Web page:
Nearly 90 percent of British veterinarians and team members say theyve felt harassed by a clientoften over cost of care. Here's the statistics and some tips on dealing with it.
Who was it? A boss? A colleague? A subordinate? A client? (Shutterstock.com)
The statistic makes for sad reading, according to the British Veterinary Nursing Association (BVNA). A full 89 percent of small-animal and mixed-animal veterinarians surveyed by the British Veterinary Association (BVA) say they or their team have felt intimidated by a client's language or behavior.
The survey also revealed that pet owners' intimidating language and behavior is often related to the cost of treatment. No surprise-98 percent of all veterinarians said they've felt pressure to waive fees or accept late payments.
The survey results inspired the two UK associations together to jointly publish shared "Advice to deal with intimidating clients" online at bva.co.uk. Some of the tips include:
In the heat of the moment ...
• Try to remain calm, at all times. Be confident but never aggressive.
• If you feel intimidated by a client, try to not be alone with them. If you are concerned about your safety, politely ask the client to leave. If you see other team members facing difficult clients, do not leave them alone; remain within sight so you can go get help or step in and support your colleague.
After things cool down ...
• Inform the practice manager or owner so appropriate steps can be taken.
• Remember that people's behavior can arise for many reasons, including distress associated with their pet being ill. While not excusing the behavior, it can help to defuse a situation if a pet owner has the opportunity to express all their concerns. Try active listening and showing you've heard by reflecting those concerns back to the pet owner. Clients may also need to be reassured-"You've made the right decision" or "We're doing everything we can"-or asked whether they understand everything you've told them or have any questions.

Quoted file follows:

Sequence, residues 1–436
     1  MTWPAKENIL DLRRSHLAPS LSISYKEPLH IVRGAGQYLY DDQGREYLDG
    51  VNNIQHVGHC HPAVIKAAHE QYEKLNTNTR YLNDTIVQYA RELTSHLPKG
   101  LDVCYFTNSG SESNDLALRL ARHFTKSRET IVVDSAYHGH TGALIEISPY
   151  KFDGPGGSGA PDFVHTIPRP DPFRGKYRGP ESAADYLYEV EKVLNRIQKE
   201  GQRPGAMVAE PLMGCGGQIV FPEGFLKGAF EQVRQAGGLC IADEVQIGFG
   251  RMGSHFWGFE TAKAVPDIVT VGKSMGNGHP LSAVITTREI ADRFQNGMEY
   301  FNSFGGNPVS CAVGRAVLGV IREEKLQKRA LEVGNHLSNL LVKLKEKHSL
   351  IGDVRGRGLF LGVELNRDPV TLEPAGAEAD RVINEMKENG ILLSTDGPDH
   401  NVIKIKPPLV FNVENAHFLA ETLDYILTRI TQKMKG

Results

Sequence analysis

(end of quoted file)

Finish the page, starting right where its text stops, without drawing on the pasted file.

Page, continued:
• Discuss with colleagues any difficult situation you encounter with a client. Consider how you handled the situation: what you did well, what you could have done better and the final outcome. Use what you learn when you next encounter a difficult client, and work with your entire team to craft a practice policy on how to deal with intimidating situations.
In the future ...
• Use clear messaging within the practice that harassment and violence will not be tolerated. Clients should be made aware of what unacceptable behavior means.
• Attend training courses on understanding and dealing with these types of situations to help you and your clients.
Have you ever felt threatened, bullied or intimidated by a pet owner? Share your story with us at email@example.com and any tips you have for others who find themselves in the same situation. We may share your stories and advice in future coverage.